Right To Try law has a big loophole that’s an opening for bad actors

Young man rides piggyback on an old manThere appears to be a big, risky loophole in the relatively new national Right To Try law.

Some folks apparently anticipated this problem long ago, but I think most of us weren’t aware of it. Update: More specifically, some law and policy experts were writing about this and other potential loopholes in 2018. I recommend this piece from Beth Roxland and Elisa A. Hurley on the The PRIM&R blog.

What’s the deal?

It seems to be a case of what I would call piggybacking that could be a big opening for what the FDA has labelled “bad actors” including certain unproven stem cell clinics.

Keep in mind that the apparent core safety mechanism of this national Right to Try law is the requirement for an existing FDA-cleared investigational new drug (IND) and Phase I data.

That means that the national Right to Try law includes a strict requirement for the treating physician or team to have such a cleared IND and Phase I trial data, right?

Actually, it doesn’t.

The reality of this law instead seems to be that the treating physicians doing a RTT program actually do not need a cleared IND or Phase I data. It is the drug that they propose to use that has to have a cleared IND and have Phase I data.

This isn’t a trivial distinction.

It means that while one specific research team may have done all the work to get the cleared IND and run a Phase I trial, someone entirely different, perhaps in some cases even an individual doctor with no experience in using the investigational drug or even in the general area of the clinical research or the type of medicine needed for the specific patients, could then in theory use the same drug themselves on patients in a RTT context.

So, for example, if a Chicago research team has developed “Drug X” (a kind of autologous stem cells, let’s say) that is part of an IND cleared program and has Phase I data, then an entirely different group that we’ll call the New York team may be eligible for RTT use of Drug X.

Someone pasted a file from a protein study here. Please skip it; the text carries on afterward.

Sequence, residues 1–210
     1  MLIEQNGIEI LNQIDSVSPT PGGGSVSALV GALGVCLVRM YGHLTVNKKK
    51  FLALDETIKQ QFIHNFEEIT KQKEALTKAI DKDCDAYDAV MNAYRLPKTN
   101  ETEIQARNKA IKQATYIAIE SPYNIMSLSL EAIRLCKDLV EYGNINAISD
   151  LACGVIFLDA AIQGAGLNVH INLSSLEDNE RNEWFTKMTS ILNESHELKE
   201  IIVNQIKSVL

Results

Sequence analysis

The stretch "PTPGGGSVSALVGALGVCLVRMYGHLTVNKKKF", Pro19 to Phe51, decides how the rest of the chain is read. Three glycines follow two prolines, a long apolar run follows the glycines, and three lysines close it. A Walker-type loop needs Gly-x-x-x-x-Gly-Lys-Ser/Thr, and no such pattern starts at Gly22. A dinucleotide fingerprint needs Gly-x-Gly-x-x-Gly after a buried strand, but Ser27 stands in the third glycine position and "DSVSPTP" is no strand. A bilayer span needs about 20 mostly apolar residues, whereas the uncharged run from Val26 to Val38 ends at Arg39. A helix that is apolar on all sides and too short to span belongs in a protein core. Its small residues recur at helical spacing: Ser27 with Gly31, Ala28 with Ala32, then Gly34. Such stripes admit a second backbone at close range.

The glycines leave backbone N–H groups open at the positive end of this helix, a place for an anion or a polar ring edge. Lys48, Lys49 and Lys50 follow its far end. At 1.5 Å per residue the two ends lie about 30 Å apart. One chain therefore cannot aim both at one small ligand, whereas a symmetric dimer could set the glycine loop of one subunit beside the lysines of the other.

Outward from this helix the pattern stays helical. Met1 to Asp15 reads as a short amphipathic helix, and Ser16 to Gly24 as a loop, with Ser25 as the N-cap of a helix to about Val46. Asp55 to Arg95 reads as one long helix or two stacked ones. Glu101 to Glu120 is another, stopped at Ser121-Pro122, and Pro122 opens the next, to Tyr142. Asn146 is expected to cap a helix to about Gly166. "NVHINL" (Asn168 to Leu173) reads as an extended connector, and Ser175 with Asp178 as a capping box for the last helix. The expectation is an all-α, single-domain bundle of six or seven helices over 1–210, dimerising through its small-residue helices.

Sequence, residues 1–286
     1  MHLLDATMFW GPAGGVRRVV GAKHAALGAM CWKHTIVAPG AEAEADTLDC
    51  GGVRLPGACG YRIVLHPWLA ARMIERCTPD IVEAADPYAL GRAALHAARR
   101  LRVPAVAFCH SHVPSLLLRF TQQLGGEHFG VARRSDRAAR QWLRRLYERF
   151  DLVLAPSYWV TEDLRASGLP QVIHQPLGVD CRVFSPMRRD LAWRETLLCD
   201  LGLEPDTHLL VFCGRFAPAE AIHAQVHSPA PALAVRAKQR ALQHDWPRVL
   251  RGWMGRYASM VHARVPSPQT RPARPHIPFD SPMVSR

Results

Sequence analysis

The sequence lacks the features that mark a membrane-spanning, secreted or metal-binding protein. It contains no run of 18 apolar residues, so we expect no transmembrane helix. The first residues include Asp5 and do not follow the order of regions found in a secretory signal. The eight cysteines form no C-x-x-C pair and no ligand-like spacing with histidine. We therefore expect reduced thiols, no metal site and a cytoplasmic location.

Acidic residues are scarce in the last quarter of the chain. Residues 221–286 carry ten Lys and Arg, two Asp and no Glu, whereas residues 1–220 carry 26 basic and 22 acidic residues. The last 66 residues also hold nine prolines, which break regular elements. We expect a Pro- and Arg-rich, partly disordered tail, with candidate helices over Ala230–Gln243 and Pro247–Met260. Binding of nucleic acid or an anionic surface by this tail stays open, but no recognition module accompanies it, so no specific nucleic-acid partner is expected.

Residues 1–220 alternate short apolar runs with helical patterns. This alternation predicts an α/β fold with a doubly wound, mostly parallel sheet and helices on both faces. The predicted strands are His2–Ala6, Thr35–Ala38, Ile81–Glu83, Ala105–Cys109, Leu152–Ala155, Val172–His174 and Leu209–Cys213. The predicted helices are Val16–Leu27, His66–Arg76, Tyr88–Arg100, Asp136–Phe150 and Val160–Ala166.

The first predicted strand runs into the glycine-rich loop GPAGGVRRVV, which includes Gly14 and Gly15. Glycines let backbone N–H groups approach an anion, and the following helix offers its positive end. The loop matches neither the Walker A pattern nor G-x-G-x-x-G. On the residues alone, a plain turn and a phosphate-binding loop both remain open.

And that New York team or doctor could be just about anybody.

As long as the New York doctor is licensed and in good standing in their state, from a national RTT perspective it doesn’t seem to matter who they are, their training, or anything else. Apparently the national RTT law defines eligible patients and eligible drugs, but has little to say about what it means to be an eligible doctor or research program. (State RTT laws are somewhat different.)

This is the big risky loophole in the law, perhaps an intentional one.

I asked FDA and biologics regulatory oversight expert Professor Patti Zettler from The Ohio State University Moritz College of Law for her thoughts on this potential loophole and gave her the hypothetical example of an investigational bone marrow drug product being used in RTT:

“In general, it is correct that, under the federal law, to be eligible for “right to try,” an investigational drug must be one for which a Phase 1 trial is complete and one that is subject to an active IND and is actively under development. The law does not say that the person or entity providing the drug for right to try must be the same as the person or entity holding the IND or conducting the clinical trials.
You raise an interesting question as to whether this creates a loophole of sorts, where someone not involved with the IND could manufacture the “same” drug—and escape the IND requirement in that way. With a small molecule drug, I think the answer should clearly be “no.” If manufacturer A produces Drug A, and only manufacturer A’s drug A is subject to its IND—that is the only drug eligible for “right to try.” If manufacturer B makes a separate version of Drug A, that would be a separate drug, not subject to manufacturer A’s IND and not eligible for “right to try” (until and unless it satisfied the criteria in the statute). In other words, the “right to try” law, as I read it, is not permission for manufacturers to make and distribute copies of products their competitors are researching, simply because their competitor has an IND. With something like a bone marrow derived autologous product, perhaps the question is a bit trickier, because manufacturing isn’t the same as with traditional small molecule drugs. But I think the same logic should apply—that is, only those products covered by the IND would be eligible for “right to try.”